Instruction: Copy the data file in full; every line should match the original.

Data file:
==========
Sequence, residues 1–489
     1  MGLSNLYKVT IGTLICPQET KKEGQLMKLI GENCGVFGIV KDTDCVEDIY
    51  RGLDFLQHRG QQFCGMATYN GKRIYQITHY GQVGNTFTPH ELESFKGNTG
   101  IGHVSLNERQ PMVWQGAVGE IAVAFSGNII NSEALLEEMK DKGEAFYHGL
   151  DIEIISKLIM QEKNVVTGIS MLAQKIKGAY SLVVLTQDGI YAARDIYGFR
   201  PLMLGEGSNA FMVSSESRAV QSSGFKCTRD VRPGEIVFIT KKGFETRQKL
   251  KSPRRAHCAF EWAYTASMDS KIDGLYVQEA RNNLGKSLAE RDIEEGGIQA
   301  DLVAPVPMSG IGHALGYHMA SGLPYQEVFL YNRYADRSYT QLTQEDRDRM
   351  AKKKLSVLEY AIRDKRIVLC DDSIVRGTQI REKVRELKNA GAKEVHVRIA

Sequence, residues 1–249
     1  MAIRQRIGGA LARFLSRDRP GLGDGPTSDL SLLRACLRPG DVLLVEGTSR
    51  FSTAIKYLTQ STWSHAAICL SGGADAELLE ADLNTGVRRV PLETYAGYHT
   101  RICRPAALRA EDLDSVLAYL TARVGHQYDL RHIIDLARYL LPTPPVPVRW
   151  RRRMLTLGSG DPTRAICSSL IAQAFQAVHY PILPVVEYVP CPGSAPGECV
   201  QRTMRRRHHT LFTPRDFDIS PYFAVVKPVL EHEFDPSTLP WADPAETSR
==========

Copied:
Sequence, residues 1–489
     1  MGLSNLYKVT IGTLICPQET KKEGQLMKLI GENCGVFGIV KDTDCVEDIY
    51  RGLDFLQHRG QQFCGMATYN GKRIYQITHY GQVGNTFTPH ELESFKGNTG
   101  IGHVSLNERQ PMVWQGAVGE IAVAFSGNII NSEALLEEMK DKGEAFYHGL
   151  DIEIISKLIM QEKNVVTGIS MLAQKIKGAY SLVVLTQDGI YAARDIYGFR
   201  PLMLGEGSNA FMVSSESRAV QSSGFKCTRD VRPGEIVFIT KKGFETRQKL
   251  KSPRRAHCAF EWAYTASMDS KIDGLYVQEA RNNLGKSLAE RDIEEGGIQA
   301  DLVAPVPMSG IGHALGYHMA SGLPYQEVFL YNRYADRSYT QLTQEDRDRM
   351  AKKKLSVLEY AIRDKRIVLC DDSIVRGTQI REKVRELKNA GAKEVHVRIA

Sequence, residues 1–249
     1  MAIRQRIGGA LARFLSRDRP GLGDGPTSDL SLLRACLRPG DVLLVEGTSR
    51  FSTAIKYLTQ STWSHAAICL SGGADAELLE ADLNTGVRRV PLETYAGYHT
   101  RICRPAALRA EDLDSVLAYL TARVGHQYDL RHIIDLARYL LPTPPVPVRW
   151  RRRMLTLGSG DPTRAICSSL IAQAFQAVHY PILPVVEYVP CPGSAPGECV
   201  QRTMRRRHHT LFTPRDFDIS PYFAVVKPVL EHEFDPSTLP WADPAETSR